We're Off! My 1948 Farm Jeep Begins The 1,800-Mile Journey to Moab

Photo credit: Stephen Nelson

I’m tired. More tired than I’ve ever been. Turning a rusty hulk of poorly maintained metal into a running, driving vehicle without breaking the bank has worn me out both physically and mentally. Half of my body is covered in oil, my hands are pierced with metal shavings, I’ve gotten more chunks of rust in my eyes than I care to think about, and I’ve broken so many bolts, I nearly went out and found a therapist.

But there’s no time for moping, because today, I’m going to try driving 1,800 miles from Detroit to Utah as the culmination of my 1948 Willys CJ-2A off-road project. Yes, somehow, my friends and I have assembled a vehicle with enough power, enough forward gears, enough brakes, and enough structural integrity to actually start the journey. I honestly wasn’t sure I’d make it this far.


But this Jeep is never going to make it to Moab. I know there’s something to be said about taking on tough tasks with confidence, but confidence isn’t going to keep my main bearings alive. Last night, I took the Jeep on about a 20-mile drive, finally getting her heated up: the oil pressure at idle is just below 10 psi—that’s just too low, and this is after a rebuild. This could be a bad oil pump, theoretically, but I just doubt it; the way that first oil change looked after my drive was something out of a horror film.

Either way, I do think this Jeep’s got a chance to get a decent clip down the road before anything goes wrong. Plus, last week, I bought a bunch of parts from a Jeep hoarder up in northern Michigan: I’ve got an axle, a spare oil pump, a spare fuel pump, a spare transmission and a spare transfer case—all of these will be hanging out in the bed of my support vehicle, a 2017 Ford Raptor.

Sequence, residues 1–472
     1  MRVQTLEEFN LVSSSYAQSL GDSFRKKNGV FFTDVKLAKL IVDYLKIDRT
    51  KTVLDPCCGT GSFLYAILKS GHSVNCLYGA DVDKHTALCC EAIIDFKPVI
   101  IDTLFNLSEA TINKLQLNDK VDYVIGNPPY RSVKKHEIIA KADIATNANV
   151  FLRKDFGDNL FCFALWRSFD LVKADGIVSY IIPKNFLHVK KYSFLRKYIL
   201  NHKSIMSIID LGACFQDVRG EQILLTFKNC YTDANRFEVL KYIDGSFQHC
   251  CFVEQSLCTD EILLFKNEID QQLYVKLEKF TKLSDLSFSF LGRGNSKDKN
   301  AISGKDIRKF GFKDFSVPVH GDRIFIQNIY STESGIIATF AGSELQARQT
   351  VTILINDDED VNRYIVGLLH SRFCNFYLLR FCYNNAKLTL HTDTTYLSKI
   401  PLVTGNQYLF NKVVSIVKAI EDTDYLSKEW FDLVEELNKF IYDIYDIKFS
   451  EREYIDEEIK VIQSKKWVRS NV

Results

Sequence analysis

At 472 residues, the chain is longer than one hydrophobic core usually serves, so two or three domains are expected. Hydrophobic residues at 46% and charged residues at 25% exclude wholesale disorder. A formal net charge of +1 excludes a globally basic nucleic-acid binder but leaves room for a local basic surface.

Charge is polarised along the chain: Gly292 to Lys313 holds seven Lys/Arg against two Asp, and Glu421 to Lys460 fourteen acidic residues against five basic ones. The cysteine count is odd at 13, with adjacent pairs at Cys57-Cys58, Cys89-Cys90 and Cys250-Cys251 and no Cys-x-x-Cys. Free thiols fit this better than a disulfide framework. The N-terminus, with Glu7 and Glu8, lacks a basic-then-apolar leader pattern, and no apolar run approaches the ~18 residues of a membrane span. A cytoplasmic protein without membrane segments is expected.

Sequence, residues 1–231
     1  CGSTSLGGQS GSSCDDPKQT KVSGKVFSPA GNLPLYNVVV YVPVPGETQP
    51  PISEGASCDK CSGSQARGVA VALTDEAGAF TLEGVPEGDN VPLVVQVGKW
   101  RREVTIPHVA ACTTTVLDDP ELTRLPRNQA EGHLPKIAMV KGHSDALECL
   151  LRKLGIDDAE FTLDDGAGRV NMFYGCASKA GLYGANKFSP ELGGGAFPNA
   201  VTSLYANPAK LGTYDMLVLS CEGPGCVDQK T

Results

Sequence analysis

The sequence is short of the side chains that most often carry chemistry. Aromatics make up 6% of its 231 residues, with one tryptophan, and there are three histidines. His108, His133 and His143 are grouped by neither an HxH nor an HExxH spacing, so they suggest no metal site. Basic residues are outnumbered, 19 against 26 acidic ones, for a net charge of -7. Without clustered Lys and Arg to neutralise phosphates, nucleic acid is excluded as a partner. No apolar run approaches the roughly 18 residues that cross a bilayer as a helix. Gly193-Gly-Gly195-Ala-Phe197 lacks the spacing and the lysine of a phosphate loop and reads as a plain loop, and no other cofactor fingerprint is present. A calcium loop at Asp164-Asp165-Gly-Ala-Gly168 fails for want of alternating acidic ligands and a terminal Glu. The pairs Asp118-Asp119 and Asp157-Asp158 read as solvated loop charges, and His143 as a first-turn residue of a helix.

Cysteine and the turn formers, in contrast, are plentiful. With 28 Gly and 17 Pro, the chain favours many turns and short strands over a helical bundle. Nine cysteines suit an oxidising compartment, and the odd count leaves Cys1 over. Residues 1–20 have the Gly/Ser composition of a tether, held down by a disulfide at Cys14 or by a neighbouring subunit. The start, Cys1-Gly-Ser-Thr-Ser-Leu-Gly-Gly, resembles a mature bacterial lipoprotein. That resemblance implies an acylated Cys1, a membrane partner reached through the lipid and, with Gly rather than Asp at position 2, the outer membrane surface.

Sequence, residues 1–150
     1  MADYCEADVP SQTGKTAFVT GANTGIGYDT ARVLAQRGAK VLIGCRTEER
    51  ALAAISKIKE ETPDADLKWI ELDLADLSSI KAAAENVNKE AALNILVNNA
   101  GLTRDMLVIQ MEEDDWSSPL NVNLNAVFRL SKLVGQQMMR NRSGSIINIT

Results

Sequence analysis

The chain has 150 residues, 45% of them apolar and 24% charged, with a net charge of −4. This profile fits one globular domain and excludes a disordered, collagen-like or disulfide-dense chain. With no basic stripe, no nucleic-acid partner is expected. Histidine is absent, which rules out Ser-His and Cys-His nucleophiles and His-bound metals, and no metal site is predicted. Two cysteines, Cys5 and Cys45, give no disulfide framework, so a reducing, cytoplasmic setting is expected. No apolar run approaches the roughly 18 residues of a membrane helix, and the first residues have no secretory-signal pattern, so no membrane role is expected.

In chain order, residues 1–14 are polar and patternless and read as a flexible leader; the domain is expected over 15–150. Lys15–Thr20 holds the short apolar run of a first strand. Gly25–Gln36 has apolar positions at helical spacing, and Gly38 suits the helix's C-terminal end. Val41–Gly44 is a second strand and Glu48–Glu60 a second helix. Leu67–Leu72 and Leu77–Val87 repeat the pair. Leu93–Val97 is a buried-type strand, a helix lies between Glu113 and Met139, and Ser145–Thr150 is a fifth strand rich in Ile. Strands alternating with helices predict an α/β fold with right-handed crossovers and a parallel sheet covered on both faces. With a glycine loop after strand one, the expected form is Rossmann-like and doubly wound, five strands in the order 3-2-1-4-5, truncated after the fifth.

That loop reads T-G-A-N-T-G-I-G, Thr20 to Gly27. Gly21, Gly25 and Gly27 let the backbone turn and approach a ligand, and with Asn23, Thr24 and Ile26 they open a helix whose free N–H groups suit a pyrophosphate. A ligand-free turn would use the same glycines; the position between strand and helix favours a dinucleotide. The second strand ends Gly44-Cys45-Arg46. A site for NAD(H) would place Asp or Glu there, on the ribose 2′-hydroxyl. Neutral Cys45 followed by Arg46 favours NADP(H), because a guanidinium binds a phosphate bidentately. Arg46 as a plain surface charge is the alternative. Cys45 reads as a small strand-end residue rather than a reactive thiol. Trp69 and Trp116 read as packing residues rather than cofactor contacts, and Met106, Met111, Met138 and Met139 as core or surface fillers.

Wednesday night, my friend Eric came over and helped me remove the transfer case from the transmission, which was lacking in the “second gear” department.


On Thursday, my friend Brandon and I hauled the spare spare transfer case and transmission to my indoor workshop that normal folks apparently call a “kitchen.” We unbolted the transfer case from the trans, and started scavenging for parts.


Since the transfer case was out, Brandon and I removed the main shaft, and Brandon worked his magic, replacing second gear, as well as a synchro hub (with a used one from that transmission in my kitchen) and a few sychro blocking rings.


Friday night, Freddy (Tavarish) Hernandez flew in, and we installed the transfer case back onto the trans, only to have the same damn problem I had a month or two earlier, where the new aftermarket rear bearing just wouldn’t go onto the shaft far enough, binding second and third gears when the transfer case was bolted up.

Saturday was an epic day of wrenching. Brandon came over, and he and I rebuilt the transmission main shaft after I dropped some parts (the dogs in the synchro hub) into the case. Then we installed that main shaft back into the trans, bolted up the transfer case (but this time with an old bearing that actually fits), installed the driveshaft, and after attaching some clutch linkages: our drivetrain was done.


Next, Freddy cut some hockey pucks with my wonderful wrenching equipment—a kitchen knife—and installed them between the body and frame. Now, when we lift the body up, the suspension actually flexes (instead of the body just lifting off the frame)!


Once the drivetrain was buttoned up, my electrical engineering department (headed by none other than Mr. Steve) finished connecting my lighting, ignition switch and brake switch. Then Taylor installed the fender with self-tapping screws (since I’d broken all the bolts into the proper threaded locations), we bolted down the seats, and the vehicle was ready to drive.

My friends came over in their Jeep CJs to send me off.

Especially with the custom top in place, the Jeep feels like nothing else I’ve ever driven. The jerky bumps from the short wheelbase, the copious squeaks and rattles, the terrible homemade foam seats, that whirring Go-Devil under the hood, the dark and cavernous interior—I’m driving a cartoon.


That’s what this feels like: I’m in a big cartoon Jeep, headed west for the Jeep promised land, worrying every second I’m behind the wheel, and yet somehow, enjoying every moment.

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About the author

David Tracy

Sr. Technical Editor, Jalopnik. Always interested in hearing from auto engineers—email me. Cars: Willys CJ-2A ('48), Jeep J10 ('85), Jeep Cherokee ('79, '91, '92, '00), Jeep Grand Cherokee 5spd ('94).